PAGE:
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The last 24 hours have been a little tense on Starry Horizons as we try to figure out our plans for the next few weeks. We’ve done all the major things we want to do in Tonga, although like with every country there are plenty more things to see and do. Ultimately it’s David’s decision and he was between a rock and a hard place trying to make up his mind.
We knew we wanted to stay through Saturday to attend a dinner and thus stay through to Monday, since we can’t clear out on a Sunday. However, two factors have contributed to us deciding to extend our stay in Tonga.
There was a tiny bit of wind through our region on Monday, but now it has died and stay dead for the next seven days.
If we really needed to get moving we’d go without having any wind and just motor but unfortunately we don’t have enough fuel, and that’s not for a lack of trying on our part.
Normally, you can order diesel through the amazing Sandy at Vava’u Adventures, and the diesel will be delivered to the dock via fuel truck. If you clear out before taking fuel from the truck, than your fuel is duty free, which can be a hefty savings if you are ordering 400L.
Apparently, the Tongan government bought a new tanker to deliver fuel around the islands, but someone screwed up. The tanker can not make the turn into Neiafu Harbor. There is no other place on the Vava’u group to dock and pump out.
First to go was the petrol (or gasoline in the states). When we first caught wind of the shortage I filled up our dingy tank from the nearby gas station. The gas was not high quality, as for a little while the outboard kept dying and belching smoke.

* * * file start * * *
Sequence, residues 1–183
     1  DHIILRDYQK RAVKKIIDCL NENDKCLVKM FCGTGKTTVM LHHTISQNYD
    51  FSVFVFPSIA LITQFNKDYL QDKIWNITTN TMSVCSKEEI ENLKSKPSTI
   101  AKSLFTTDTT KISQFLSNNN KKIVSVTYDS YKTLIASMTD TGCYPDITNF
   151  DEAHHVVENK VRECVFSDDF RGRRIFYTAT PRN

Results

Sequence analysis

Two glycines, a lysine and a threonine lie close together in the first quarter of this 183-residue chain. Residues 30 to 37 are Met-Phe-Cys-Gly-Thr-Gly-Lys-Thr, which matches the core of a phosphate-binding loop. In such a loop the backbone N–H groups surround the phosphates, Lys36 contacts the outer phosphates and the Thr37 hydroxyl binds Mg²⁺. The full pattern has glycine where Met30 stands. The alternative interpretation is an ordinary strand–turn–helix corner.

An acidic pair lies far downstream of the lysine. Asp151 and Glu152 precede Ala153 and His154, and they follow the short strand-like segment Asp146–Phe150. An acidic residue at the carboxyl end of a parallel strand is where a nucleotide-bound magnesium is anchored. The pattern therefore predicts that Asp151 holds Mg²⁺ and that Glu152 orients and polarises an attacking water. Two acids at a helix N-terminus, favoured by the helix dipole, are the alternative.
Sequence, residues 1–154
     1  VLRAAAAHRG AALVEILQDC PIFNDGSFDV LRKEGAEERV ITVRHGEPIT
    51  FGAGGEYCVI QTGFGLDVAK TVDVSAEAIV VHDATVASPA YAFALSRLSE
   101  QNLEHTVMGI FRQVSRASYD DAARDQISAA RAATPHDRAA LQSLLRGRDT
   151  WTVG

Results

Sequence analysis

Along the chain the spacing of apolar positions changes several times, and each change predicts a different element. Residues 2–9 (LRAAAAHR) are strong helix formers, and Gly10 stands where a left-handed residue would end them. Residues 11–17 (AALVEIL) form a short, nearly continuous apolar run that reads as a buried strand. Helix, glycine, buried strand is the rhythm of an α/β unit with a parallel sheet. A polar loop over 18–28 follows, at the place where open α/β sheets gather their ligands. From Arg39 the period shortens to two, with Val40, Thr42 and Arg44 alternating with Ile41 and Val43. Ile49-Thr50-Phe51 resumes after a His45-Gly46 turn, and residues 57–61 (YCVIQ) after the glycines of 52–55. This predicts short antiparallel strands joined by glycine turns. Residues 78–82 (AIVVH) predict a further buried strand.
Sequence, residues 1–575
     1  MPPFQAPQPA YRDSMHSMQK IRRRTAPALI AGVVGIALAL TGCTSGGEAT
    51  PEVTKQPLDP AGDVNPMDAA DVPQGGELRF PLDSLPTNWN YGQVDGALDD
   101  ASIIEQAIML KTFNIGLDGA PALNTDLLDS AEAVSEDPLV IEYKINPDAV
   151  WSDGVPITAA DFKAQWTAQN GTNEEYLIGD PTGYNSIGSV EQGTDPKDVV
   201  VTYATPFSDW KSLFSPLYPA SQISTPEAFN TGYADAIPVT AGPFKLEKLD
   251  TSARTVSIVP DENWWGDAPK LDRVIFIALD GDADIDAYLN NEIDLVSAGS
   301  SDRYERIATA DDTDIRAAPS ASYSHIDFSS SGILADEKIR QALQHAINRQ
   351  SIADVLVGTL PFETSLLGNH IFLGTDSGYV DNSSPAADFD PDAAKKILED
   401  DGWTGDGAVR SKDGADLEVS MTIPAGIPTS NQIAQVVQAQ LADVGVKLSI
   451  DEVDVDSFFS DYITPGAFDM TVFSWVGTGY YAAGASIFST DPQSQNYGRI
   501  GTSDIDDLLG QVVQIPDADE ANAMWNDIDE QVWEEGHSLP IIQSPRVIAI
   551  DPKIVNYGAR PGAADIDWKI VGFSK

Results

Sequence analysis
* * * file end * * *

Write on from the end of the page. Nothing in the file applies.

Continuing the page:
Sandy said it was only a matter of time for the diesel to run out. Saturday David and I decided better safe than sorry; we need diesel to run our generator and watermaker, so we got our jerry cans out, hailed a taxi and went off to the one gas station that had diesel.
On the way we passed another gas station that had petrol coming in via barrels on a supply ship. The road was lined with cars, and about 60 people were sitting around waiting with jerry cans to purchase petrol.
This is not just to run their cars. A good number of people live outside Neiafu, and thus off the grid. While government donations from Japan have provided some of the people with solar panels, many homes are outfitted with generators.
To top that off, we mentioned earlier that the fuel shortage caused a price increase in our whale swim. Imagine the economic impact this shortage is having on Vava’u in the peak of tourist season. With no tour boats going out, no money is coming into the locals who work here. Prices are increasing across the board, as getting food and staff in to work at restaurants becomes more challenging.
Once again we are reminded how lucky we are to have been born in America. Tonga is the poorest country (via GDP per capita) that we have been to on Starry Horizons with a GDP per capita of roughly $5,000 (compared to the US at $55,000). However, it won’t be the poorest on our circumnavigation; that will go to Madagascar with $1,400, the 10th lowest in the world.
But on to happier thoughts. We have no urgency to leave yet, as our next time commitment is in mid-October in Fiji. We have plenty of friends here and are having quite the time socially. Our 31 days in Tonga we are allowed will expire next Thursday the 29th, and we needed to extend our visa by this Thursday the 22nd. We got the paperwork out of the way this morning, so we are set to do whatever we want in Tonga until we get some wind and/or diesel!